Delete
  3. Good to hear he's back home and resting comfortably, Brig!

    ReplyDelete
  4. So THAT is a donger.

    I'm happy that Dad is back and will soon be up to his full mischief.

    ReplyDelete
    Replies
    1. LL,
      You need a new Donger? I can arrange for you to get one!

      He is getting a bit better each day home, Yay!

      Delete
  5. Glad he is home. Treasure this time Brig, it's important for both of you.
    Tell him you love him and give him lots and lots of ice cream. Hugs.

    ReplyDelete
    Replies
    1. Chickenmon,
      I am too! He has slowed up on the ice cream as it causes problems with swallowing. I have found a few other treats that he can handle a little easier.

      Delete
  6. So glad he is home Brig. Prayers up for you both. His happiness quotient must be a lot higher now. Love and hugs.

    ReplyDelete
    Replies
    1. Celia,
      Thanks, and prayers are always appreciated!

      Delete
  7. I'm just so glad he's home. Yes, home care can be complicated, but it sounds like you're settling well into a routine. I hope the problems with the aspiration ease. Man does not live by banana shakes alone.

    ReplyDelete
    Replies
    1. shoreacres,
      I am glad he is home! Aspiration problems are not going to go away but he he dealing with that fairly well.

      Delete
  8. I agree with Adrienne...don't wear yourself out, Brig. If you think some peppery olive oil in a smoothie would help not only his appetite but also his plumbing system, let me know and I'll send some up your way. All kidding aside, this is a rich, very rich, time in both of your lives. This is how they did "it" in ancient days, not in hospitals, not in assisted living homes but right there in the family home. Your will, love, and humor will guide you both. Here's to being home!

    ReplyDelete
    Replies
    1. Cheri,
      I have been using olive oil in a lot of his dishes. Thanks for the offer, as I know all the work that went into producing your fantastic oil.
      Taking it one day at a time, and I will keep him home if at all possible. I am very thankful that I have this time with him.

      Delete
  9. Precious time together. You are doing a great job but try not to forget you need rest too.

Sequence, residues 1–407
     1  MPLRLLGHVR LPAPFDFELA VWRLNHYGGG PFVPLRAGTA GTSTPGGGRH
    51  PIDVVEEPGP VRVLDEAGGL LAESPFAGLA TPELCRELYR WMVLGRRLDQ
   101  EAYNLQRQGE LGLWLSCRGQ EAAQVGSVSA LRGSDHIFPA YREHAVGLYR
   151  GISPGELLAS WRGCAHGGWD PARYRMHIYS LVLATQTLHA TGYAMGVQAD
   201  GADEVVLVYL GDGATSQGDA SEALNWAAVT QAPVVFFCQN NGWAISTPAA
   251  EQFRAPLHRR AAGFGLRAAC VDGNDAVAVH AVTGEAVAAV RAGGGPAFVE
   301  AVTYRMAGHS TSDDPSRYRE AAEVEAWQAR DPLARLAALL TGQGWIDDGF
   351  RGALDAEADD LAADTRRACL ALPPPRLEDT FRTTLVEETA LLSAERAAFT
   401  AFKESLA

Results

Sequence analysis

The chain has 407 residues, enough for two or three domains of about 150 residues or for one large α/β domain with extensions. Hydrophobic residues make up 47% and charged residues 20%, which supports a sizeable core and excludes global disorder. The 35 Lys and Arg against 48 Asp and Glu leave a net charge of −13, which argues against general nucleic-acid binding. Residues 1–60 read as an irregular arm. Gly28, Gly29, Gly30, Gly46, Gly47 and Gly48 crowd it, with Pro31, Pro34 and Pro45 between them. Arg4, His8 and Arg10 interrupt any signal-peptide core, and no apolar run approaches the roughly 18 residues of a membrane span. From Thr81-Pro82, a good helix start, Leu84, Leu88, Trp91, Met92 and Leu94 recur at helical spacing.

ReplyDelete
    Replies
    1. Changes,
      It is indeed. Thanks for the kind words.

      Delete
  10. Recovery is a process... As others have said, remember to take time for yourself too! Glad he's home and remember an hour of surgery equals a month of recovery.

    ReplyDelete
    Replies
    1. Old NFO,
      I had not heard the hour of surgery = a month of recovery. He is doing a little better each day, now that he is home.

      Delete
  11. Caring for an aging parent is so difficult. Take care of yourself in this as he needs you not to get sick and sadly the caregivers are at risk with the emotional stress.

    ReplyDelete
    Replies
    1. Rain,
      It can be difficult, but that is just a small part of the journey.
      I am very glad I took caregiver classes for a while after I moved up here to take care of mother. They provided answers that weren't out there elsewhere.

      Delete
  12. Wonderful he is home and in no pain. Such a blessing. You are becoming quite the care giver. Lucky you have him home, lucky he has you.

    ReplyDelete
    Replies
    1. A Patti,
      We are blessed in that for sure!

      Delete
  13. What Chickenmom said, "Treasure the time you have." I guess I went through that 4 times. Her's and mine. You learn as you go as nothing can prepare you. Life seems so unfair sometimes, but the circle is complete. Put the memories with your other keepsakes.

    ReplyDelete
    Replies
    1. Barney,
      Thanks for your good and true words. I was here to care for mother til she passed, so have been down this path.

      Delete
  14. Talk to the MD about thicket if you don't already have some. It helps thicken up liquids and helps lessen aspiration problems. Enjoy your time together, and remember, just getting home is tiring for someone your Dad's age, give him a few days to recover from the trip. And Old NFO is correct...it takes far longer to recover from surgery, especially if you are over 75 than most folks think. Be patient and do what he can.
    Also talk with the MD about Hospice if this is g

    ReplyDelete
  15. (Stupid computer)
    getting to the end of the line, I don't know if it is or not, but Hospice is all about staying home as long as possible. They can put supports in to help you out, as well as help keep Dad comfortable.

    ReplyDelete
    Replies
    1. Suz,
      Thanks,for all the very good advice!
      I am aware of thicket (thanks to my SIL)and realize that recovery is slow at his age, but he doesn't think that...lol.
      We have a good support system in place, both medical and otherwise, which is awesome.

      Delete
  16. Sounds like a new routine needs to be acquired. He sounds like me, with the oxygen thing. It looks like I'll need it every night while sleeping too, but that's only at 6000' feet.

    ReplyDelete
    Replies
    1. Woodsterman,
      It appears you have been living the high life a little too long...
      Seriously take care!

      Delete